When we avoid the thought of death

7 February 2017
[Previous post: http://bit.ly/2jygtej]

Through their faith and their loving union with God in the person of Christ, Christians become fundamentally spiritually equipped to overcome the fear of death. They’re saved from spiritual death and are no longer afraid of biological demise. It’s precisely their faith in the Resurrection of the Lord which fills their souls with courage, hope, optimism and patience. The whole of the otherwise insurmountable problem of death undergoes a change of content and is transformed into an encounter and direct communion with the person of Christ. By the same token, time, from being a drift towards death, a movement towards meaningless darkness, becomes a movement towards resurrection, towards an effulgent revelation.


In short, it’s natural for Christians to mourn and to weep when they’re separated from someone, but the sorrow has to be balanced and harnessed by the hope of the resurrection and the restoration of contact with the loved one. It’s only in this way that the anxiety and fear caused by the phenomenon of death can be overcome, especially that of one’s own self.

Besides, the loving relationship we develop with other people is also very important. It’s certainly true that life in the Church encourages the creation of close, inter-personal relationships, within the framework of the Church community. Such relationships with other people can act as consolation in times of pain. In imitation of Christ, Christians should love, suffer with, forgive and pray for everyone. Naturally for those in this life, but also for those who have passed on. Indeed, as regards the departed, the Fathers say that prayer and the memorial services are the prime demonstrations of love that we on earth are able to offer them.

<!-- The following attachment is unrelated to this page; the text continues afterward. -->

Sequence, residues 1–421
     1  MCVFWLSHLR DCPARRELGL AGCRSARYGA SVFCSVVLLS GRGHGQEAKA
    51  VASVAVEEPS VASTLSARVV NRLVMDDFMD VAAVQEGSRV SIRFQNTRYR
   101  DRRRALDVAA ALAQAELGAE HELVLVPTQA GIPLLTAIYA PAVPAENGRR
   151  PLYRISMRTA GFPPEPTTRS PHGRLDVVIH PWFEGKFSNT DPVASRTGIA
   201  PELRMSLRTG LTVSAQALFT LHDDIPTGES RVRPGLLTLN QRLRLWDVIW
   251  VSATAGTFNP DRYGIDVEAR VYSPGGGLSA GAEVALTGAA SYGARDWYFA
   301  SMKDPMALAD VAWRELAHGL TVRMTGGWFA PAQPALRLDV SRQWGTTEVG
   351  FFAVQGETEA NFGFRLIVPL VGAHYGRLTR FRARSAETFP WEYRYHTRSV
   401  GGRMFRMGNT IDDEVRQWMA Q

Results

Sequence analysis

But at the time of trial and death, the closest person to the believer is Christ our God, Who as a human person trod the path to His sacrifice on the Cross. As Metropolitan Kallistos (Ware) of Diokleia says, through the Cross the Lord doesn’t offer us freedom from pain, but redemptive companionship in pain and trials. He suffered unto death so that our pain could be like His.


In today’s world, the overriding notion among people is that we’re unable to accept the Gospel message of the Resurrection, because we’re unable to overcome death with faith and live-giving love. So when people hear about death, they often avoid even naming it, since it engenders fear and trembling. The principal cause of this attitude is the prevailing anthropocentric view of life, according to which people prefer to ignore any metaphysical and post-mortem perspective, under the influence of the modern Nietzschean theory of the ‘superman’, as well as the agnostic position on the existence of God and His intervention in any mysterious events which occur.

The enormous strides made in medicine and technology have given the false impression that we can defeat death. Because of our intense desire to borrow time for living, we ourselves cultivate the notion that death is an event which won’t touch the people close to us, much less ourselves. The media promote false messages which indirectly force people into the denial of pain, of death and of every tragic event in life, in an effort to create a utopian, ambient atmosphere of uninterrupted happiness and agreeable circumstances. In this way, our idea of life, health and length of days is distorted. This artificial atmosphere is typified by a hypocritical optimism which seeks to silence the truth concerning life and death.

(to be continued)